But this is simply not how copyleft works.
In fact, if a company were to combine GPL and proprietary code in a way that violates GPL, the result is that GPL has been violated — no more, no less. What that means, legally, is that the author of the GPL code may have remedies for violation of GPL, and if the license is terminated as a result, remedies for unlicensed use of the GPL software. Both of these, essentially, are copyright infringement claims. The legal remedies for a copyright infringement claim are damages (money) and injunction (stop using the GPL code).
In fact, there is simply no legal mechanism for GPL “infecting” proprietary code and changing its licensing terms. For software to be licensed under a particular set of terms, the author has to take some action that reasonably leads a licensee to conclude that the licensor has chosen to offer the code under those terms. In contrast, combining proprietary and GPL code in a single program in violation of GPL is a license incompatibility — meaning the two sets of terms conflict, and cannot be satisfied simultaneously. The better analogy for this kind of licensing incompatibility is a software bug, rather than a software virus. Just think of the robot on the old TV show Lost in Space flailing his arms and saying “DOES NOT COMPUTE,” and you get the idea.
For the law geeks (me included), I should explain that I have long been on alert to find any formal legal underpinnings for the “virus” model. The only ones I have found are Pickett v. Prince, 207 F. 3d 402 (7th Cir. 2000) and Anderson v. Stallone, 11 USPQ2D 1161 (C.D. Cal. 1989). Both of these cases discuss the principle that an unauthorized derivative work is not entitled to copyright protection.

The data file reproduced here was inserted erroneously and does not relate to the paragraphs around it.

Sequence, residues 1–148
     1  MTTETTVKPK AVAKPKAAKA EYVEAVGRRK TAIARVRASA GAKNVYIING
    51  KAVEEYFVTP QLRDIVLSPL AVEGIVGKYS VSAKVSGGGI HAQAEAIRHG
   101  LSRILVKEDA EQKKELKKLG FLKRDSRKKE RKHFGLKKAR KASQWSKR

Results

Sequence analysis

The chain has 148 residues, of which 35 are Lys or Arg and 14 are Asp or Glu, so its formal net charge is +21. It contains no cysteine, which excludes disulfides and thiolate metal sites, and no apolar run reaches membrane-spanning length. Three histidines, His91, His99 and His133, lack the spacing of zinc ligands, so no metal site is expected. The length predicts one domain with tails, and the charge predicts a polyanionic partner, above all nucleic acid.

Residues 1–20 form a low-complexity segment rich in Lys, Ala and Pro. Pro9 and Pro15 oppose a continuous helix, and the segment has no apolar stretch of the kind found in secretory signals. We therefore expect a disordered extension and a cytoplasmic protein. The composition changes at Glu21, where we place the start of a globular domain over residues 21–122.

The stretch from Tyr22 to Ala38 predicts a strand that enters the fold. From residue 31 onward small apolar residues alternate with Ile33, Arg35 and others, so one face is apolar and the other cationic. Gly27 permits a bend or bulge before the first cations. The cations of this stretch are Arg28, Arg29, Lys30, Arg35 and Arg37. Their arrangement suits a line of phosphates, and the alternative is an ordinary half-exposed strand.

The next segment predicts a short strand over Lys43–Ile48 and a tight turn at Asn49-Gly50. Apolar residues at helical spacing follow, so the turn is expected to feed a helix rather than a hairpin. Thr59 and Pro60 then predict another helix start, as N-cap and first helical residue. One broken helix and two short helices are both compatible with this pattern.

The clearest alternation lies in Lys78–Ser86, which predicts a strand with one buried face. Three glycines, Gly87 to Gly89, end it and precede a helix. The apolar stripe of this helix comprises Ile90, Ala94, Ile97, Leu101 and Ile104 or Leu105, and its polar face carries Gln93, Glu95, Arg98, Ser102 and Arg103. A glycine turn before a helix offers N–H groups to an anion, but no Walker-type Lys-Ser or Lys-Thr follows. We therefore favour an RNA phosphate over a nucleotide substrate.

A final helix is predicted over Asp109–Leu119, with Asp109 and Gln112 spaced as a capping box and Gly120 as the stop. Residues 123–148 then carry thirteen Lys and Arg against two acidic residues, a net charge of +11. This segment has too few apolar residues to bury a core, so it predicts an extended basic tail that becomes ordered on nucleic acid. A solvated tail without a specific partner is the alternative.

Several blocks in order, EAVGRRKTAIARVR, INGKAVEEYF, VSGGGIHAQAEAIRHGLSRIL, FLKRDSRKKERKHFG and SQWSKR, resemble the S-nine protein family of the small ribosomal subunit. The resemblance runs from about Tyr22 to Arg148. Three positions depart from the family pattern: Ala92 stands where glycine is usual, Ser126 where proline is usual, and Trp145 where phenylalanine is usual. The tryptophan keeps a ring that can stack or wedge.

But these cases both involve very different facts from your typical GPL compliance problem. First, in each of these cases, the infringing derivative work arguably did not meet a threshold level of creativity necessary for legal protection. The law sets this threshold very low. Any self-respecting blob of proprietary code would easily meet this threshold. Second, in each of these cases, the putative owner of the infringing derivative work was trying to sue the author of the infringed underlying work — something that requires a fair amount of good-old-fashioned chutzpah. These facts cannot reasonably be extrapolated to the situation where the developer of a proprietary software module, which has been inappropriately combined with a GPL software module, tries to enforce its rights in the proprietary code standing alone, against a third party. The analog would be where a proprietary developer takes a blob of GPL code, changes one line of it, then sues the GPL author for copyright infringement — which would be nonsense. In other words, this legal construct “does not compute.”
So, let’s dispense with this idea once and for all. Meanwhile, drink plenty of fluids, keep the tissues handy, wash your hands regularly, and we can win against the viruses.